Shadow housing minister John Healey admits it may not be possible to stop flagship Tory policy
Shadow minister of housing John Healey has said he will fight the extension of Right to Buy as housing took centre stage at the Labour Party conference.
Speaking at a housing fringe event held by the Smith Institute, which published the shadow housing minister’s discussion report bringing for the case for building 100,000 public homes a year, Healey said “I would do whatever we could to lead opposition in parliament. Whether we could defeat it [Right to Buy] is uncertain.”
Healey’s comments come in advance of a vote this week by housing associations on whether to accept the extension of the Right to Buy policy to the sector on a voluntary basis, following a deal between the National Housing Federation and communities secretary Greg Clark. The proposal would avoid the need for statutory regulation which associations fear could see them reclassified as public sector bodies, but needs to be approved by associations by Friday this week.
Healey said the vote on the controversial proposal was “timed for maximum political benefit” being on the eve of the Conservative Party conference.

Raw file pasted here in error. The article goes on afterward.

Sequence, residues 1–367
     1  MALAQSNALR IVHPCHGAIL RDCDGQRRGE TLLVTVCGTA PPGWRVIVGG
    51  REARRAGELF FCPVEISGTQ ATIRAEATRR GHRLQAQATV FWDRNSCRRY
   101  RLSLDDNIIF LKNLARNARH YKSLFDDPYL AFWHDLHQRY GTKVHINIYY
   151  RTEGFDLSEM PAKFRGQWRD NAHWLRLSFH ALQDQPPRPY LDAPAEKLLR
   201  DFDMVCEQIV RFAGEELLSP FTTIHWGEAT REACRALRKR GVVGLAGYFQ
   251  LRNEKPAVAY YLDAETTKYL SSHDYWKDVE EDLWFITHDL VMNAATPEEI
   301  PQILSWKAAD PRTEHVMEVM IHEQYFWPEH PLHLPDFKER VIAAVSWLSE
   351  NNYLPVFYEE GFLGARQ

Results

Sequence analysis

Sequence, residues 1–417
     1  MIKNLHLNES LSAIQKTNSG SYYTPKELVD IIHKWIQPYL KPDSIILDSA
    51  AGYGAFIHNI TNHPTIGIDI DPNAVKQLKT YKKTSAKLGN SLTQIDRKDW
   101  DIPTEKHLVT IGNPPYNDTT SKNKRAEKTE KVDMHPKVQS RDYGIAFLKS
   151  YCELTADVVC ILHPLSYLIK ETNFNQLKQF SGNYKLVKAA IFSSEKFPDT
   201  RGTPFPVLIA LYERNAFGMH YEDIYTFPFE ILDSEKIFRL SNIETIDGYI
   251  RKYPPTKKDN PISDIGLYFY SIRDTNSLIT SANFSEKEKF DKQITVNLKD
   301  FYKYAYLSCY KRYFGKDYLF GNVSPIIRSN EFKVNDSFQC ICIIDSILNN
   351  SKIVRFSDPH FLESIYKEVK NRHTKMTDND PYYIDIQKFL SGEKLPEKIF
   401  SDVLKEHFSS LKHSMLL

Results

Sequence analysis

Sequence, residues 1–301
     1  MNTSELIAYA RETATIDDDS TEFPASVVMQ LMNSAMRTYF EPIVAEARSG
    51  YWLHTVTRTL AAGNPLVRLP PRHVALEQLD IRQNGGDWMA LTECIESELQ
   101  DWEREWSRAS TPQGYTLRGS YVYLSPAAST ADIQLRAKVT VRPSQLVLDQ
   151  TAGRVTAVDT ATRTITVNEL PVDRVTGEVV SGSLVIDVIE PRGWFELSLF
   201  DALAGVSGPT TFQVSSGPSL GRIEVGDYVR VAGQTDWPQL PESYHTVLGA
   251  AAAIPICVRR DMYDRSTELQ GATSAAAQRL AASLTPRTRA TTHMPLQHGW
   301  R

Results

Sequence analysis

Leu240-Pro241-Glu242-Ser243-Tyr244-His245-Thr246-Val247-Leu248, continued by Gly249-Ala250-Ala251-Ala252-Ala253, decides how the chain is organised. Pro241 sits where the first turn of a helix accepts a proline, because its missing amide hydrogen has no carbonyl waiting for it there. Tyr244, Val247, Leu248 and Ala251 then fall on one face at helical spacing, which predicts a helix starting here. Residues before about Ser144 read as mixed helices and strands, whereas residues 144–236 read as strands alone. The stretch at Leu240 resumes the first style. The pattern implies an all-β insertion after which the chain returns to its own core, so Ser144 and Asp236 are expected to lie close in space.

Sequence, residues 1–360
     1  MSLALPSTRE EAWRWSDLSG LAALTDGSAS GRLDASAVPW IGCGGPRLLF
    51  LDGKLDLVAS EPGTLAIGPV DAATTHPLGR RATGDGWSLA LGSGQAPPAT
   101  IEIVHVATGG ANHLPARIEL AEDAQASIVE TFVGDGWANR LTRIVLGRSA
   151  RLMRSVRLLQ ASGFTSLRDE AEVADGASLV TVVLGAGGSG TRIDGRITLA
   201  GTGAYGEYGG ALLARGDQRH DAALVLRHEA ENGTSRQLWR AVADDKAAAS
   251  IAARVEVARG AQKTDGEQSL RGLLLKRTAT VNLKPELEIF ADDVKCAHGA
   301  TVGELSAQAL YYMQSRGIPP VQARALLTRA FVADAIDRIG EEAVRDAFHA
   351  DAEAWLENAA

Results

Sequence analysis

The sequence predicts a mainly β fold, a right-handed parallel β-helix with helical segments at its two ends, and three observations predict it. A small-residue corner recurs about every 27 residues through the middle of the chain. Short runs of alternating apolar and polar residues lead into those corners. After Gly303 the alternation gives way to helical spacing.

Stephen Howlett of Peabody said his association was “under pressure” over right to buy. “We feel we were faced with a firing squad, hoping the guns weren’t loaded,” he said. However, he said he would be recommending the deal to the board of Peabody as the arrangement would safeguard around 10,000 homes Peabody have in London.
Howlett also said that the 1% reduction in rents announced in George Osborne’s July budget would reduce Peabody’s development programme by 14,000 homes at least.
L&Q chief executive David Montague, speaking at a separate housing fringe event put on by housing associations Moat, Metropolitan, Circle, L&Q and Peabody, said he supported the deal. He said voluntary right to buy was “better in the long term for social housing” as statutory right to buy would threaten the reclassification of housing associations.
Montague also called for a “long-term cross party solution” to build “3 million homes in the next 10 years,” adding that a long-term plan would also need land to guarantee production to provide the much needed homes.
Sarah Hayward, leader of Camden council, said the government’s right to buy policy meant it would have to sell off 400 home deemed high value because of land values in London and Camden. “Every new build [in Camden] will be high value because of land values,” she said.